Dwayne “The Rock” Johnson and Kevin “Little Man” Hart team up for “Central Intelligence.”
That’s all the info we need to know exactly how this action comedy is going down. Lots of Big Man/Little Fella sight gags, confident muscle man, man pf action, paired with wee and manic and increasingly shrill funnyman.
But to its credit, “Central Intelligence” flips that script. From the moment Johnson struts on camera, rainbow unicorn T-shirt, fanny pack and jean-shorts “Jorts?” Really?”), we know he’s supposed to be the goofy one. He’s an extension of his “Pain & Gain” doofus, a variation on his “Be Cool” comic bodyguard.
He’s a dork, a fanboy hero-worshipping his once-popular high school classmate (Hart). And he’s comfortable with his sexuality — VERY comfortable. Really in touch with his feminine side.
Hart? He’s reduced to straight-man for much of this Rawson Marshall Thurber (“Dodgeball”) comedy. He has to screech just to get noticed. Because Johnson is freaking hilarious.
A prologue shows us Calvin “Golden Jet” Joyner’s glorious last day in high school. And it introduces the En Vogue loving Robert Whierdicht (Johnson) dancing in the shower, a roly poly fat boy in braces, a prime target for Baltimore’s bullies. Bob will be humiliated that day in a way that will scar him forever.
Twenty years later, “Most Likely to Succeed” Calvin has married his high school sweetheart (Danielle Nicolet) and succumbed a life of accounting and drudgery. Until his former classmate connects, via Facebook.
The dated “Waaaassssuuuuuup” video email is his first warning. “Bob,” as he’s now called, still wears a fanny pack.
“Hell YEAH. You want one?”
Bob never quite got over high school, never got over “Sixteen Candles.”
“Ever see that one?”
“Well, I’m BLACK.”
Bob drags Calvin out for drinks and down a rabbit hole. He has something to do with the CIA. He needs Calvin’s forensic accounting skills. And hey, maybe later we can hit our 20th high school reunion?
Amy Ryan plays a CIA agent chasing Bob. Calvin must decide who is The Good Guy and who will get him tossed into jail. Are you in or are you out?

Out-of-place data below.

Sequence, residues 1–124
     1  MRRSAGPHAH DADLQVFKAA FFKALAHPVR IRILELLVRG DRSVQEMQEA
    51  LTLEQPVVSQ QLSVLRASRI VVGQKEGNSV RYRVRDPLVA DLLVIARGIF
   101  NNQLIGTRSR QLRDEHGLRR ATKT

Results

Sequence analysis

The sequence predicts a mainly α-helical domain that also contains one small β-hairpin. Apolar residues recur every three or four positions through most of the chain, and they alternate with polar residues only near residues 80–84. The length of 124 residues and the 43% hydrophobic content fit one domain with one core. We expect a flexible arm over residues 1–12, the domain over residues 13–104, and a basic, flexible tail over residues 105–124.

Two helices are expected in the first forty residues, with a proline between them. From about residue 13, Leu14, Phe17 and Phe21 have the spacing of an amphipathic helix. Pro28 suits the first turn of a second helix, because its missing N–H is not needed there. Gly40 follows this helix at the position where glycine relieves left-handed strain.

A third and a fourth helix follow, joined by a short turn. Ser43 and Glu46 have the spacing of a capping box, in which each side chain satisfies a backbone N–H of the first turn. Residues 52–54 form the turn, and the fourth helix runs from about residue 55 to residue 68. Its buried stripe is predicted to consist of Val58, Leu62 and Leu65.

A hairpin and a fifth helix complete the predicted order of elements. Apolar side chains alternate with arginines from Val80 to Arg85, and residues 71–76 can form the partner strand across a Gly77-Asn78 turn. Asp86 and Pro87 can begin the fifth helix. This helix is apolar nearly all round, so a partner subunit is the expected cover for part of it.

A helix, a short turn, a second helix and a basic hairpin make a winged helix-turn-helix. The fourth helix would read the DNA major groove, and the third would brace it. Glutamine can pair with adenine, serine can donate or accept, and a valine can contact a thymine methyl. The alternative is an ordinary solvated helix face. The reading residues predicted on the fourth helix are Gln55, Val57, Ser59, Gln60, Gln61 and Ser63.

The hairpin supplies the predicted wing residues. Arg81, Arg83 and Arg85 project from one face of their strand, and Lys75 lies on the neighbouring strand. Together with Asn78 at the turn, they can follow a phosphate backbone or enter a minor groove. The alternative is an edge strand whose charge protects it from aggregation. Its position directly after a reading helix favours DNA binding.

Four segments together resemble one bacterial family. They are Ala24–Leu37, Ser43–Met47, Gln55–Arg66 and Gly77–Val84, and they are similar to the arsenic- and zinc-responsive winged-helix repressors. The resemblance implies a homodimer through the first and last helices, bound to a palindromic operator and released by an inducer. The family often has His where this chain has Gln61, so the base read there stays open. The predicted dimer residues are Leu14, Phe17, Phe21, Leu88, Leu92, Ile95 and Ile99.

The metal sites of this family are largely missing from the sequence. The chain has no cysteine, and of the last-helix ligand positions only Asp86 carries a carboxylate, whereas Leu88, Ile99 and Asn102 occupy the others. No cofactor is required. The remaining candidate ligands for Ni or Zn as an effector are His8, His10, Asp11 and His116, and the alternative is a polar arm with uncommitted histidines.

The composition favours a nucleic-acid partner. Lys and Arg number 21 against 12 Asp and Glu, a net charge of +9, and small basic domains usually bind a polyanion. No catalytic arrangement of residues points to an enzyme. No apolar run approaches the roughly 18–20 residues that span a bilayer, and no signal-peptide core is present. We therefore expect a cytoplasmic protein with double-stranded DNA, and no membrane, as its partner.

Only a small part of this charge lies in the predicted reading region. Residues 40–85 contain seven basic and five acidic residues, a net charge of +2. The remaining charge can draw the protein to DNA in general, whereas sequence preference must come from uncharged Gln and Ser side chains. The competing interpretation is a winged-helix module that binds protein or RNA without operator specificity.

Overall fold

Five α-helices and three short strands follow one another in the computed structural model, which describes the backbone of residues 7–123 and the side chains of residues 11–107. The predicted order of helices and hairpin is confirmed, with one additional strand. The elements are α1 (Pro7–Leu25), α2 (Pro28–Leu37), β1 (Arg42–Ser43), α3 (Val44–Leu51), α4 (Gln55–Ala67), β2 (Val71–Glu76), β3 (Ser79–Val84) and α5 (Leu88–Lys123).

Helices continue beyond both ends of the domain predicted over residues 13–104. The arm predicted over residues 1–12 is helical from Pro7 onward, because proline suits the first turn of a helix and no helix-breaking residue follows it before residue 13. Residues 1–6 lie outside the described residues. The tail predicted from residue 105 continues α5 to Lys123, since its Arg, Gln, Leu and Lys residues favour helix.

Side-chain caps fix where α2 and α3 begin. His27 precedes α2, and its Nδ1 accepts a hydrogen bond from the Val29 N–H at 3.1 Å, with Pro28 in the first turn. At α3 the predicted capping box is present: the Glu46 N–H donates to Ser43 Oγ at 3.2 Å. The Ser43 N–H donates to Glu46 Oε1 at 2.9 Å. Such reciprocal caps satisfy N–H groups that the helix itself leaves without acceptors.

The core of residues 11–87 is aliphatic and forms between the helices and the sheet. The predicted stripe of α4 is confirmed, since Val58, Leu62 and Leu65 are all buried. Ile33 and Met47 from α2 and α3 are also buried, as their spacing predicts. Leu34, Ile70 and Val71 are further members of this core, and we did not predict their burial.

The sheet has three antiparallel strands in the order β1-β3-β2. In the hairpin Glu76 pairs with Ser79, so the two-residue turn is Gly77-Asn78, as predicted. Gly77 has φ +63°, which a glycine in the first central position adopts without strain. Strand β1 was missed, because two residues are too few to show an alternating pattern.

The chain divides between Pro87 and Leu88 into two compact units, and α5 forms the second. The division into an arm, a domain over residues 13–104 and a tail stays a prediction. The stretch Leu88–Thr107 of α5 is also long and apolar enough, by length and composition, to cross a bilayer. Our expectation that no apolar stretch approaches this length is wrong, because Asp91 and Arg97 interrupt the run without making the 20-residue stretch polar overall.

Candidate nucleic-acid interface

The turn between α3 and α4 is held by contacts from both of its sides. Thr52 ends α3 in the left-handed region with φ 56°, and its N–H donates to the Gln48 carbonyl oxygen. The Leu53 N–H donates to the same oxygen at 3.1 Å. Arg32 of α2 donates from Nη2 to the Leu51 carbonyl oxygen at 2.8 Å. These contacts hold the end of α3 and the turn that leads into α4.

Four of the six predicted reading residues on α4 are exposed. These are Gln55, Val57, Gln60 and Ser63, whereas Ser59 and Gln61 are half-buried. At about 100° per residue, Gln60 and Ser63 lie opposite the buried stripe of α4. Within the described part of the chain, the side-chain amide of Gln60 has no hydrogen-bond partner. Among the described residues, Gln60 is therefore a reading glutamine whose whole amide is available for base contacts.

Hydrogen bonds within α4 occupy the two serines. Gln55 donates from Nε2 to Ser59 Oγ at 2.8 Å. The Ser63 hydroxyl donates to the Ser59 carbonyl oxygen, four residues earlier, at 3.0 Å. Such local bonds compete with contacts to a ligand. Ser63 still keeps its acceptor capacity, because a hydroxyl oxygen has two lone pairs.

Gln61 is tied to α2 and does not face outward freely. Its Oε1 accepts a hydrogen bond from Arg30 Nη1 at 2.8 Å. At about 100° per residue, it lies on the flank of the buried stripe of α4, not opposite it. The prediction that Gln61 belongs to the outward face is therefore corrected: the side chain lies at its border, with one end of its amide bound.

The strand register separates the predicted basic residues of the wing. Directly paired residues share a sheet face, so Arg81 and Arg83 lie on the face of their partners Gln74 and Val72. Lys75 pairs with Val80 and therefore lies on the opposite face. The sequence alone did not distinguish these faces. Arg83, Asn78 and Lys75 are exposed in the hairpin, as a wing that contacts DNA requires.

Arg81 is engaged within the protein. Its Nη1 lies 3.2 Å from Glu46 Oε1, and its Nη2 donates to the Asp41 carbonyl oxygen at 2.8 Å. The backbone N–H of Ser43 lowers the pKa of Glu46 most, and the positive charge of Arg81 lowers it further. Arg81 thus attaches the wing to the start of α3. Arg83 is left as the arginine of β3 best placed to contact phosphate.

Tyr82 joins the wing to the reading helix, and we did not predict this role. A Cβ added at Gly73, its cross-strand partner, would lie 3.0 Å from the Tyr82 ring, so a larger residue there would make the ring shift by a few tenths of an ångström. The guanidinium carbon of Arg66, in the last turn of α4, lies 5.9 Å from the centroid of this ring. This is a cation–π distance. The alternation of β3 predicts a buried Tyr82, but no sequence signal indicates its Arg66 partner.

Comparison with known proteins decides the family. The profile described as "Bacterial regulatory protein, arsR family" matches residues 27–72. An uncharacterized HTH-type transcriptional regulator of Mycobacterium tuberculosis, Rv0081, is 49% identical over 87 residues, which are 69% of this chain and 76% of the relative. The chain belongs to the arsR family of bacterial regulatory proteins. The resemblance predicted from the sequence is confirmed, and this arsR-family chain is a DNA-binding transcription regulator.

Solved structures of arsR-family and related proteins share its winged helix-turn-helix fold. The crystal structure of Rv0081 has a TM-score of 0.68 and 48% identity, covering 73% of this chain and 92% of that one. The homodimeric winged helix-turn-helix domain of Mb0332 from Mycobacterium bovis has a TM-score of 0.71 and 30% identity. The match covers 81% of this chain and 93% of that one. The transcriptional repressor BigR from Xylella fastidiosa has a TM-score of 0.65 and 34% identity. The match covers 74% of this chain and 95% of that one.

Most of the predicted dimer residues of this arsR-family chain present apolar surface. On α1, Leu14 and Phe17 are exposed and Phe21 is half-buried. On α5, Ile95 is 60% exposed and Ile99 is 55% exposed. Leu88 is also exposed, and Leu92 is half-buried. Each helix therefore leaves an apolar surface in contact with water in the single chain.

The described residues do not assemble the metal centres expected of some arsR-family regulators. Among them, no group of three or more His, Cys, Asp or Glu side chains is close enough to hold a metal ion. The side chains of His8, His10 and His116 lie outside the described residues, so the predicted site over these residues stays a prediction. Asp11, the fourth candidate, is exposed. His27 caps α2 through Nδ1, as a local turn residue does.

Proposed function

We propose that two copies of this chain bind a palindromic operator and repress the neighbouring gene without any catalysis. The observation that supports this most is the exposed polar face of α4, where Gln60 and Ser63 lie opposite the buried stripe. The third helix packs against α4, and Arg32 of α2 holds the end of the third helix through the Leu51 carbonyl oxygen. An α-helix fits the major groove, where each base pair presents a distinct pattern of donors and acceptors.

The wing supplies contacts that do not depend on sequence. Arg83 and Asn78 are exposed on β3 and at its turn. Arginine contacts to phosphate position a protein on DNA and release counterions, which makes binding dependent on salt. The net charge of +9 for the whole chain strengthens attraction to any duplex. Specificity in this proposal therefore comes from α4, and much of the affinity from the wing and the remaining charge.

In, of course. Reluctantly. With some screaming.
Johnson milks his overly affectionate goof for every laugh in the guy.
“You’re like a snack size Denzel!…”You’re like a Chocolate Google!”
Thurber films much of the movie in comic close-ups, and makes Johnson’s entrances and exits lightning-quick, like magic.
Hart is kind of left on his own, “Run funny, here.” “Hold a gun like it’s the first time” there. “Shriek.” “Let’s see some more eyes-bugging this time.” Hart has less to work with and he lets you see the strain of trying to carry his half of the movie.
Set pieces — “Bob” stepping in for Calvin’s marriage counselor — pay off. The CIA stuff and even the shootouts, by comparison, have their moments, but feel routine.
The cavalier amount of gunplay is common is such pictures, but unfortunately-timed here in light of last weekend’s night club massacre. Seriously, hundreds of rounds discharged in gunfights, barely a drop of blood? That’s irresponsible at any time, and the MPAA ratings board should recognize that.
This picture would have worked better with less of that, and tighter editing. It dawdles between action beats and big laughs, and in the third act, that lets much of the wind out of it. The anti-bullying message is pounded in without a hint of subtlety.
These guys, both veterans of buddy pictures, make the romance work, as it were. But it’s obvious Hart is a bit bugged at being so utterly upstaged. He knows even second bananas have to be funnier than this.
MPAA Rating:PG-13 for crude and suggestive humor, some nudity, action violence and brief strong language
Cast: Kevin Hart, Dwayne Johnson, Amy Ryan, Danielle Nicolet, Aaron Paul
Credits: Directed by Rawson Marshall Thurber, script by Ike Barinholtz, David Stassen, Rawson Marshall Thurber. A New Line/Universal release.
Running time: 1:47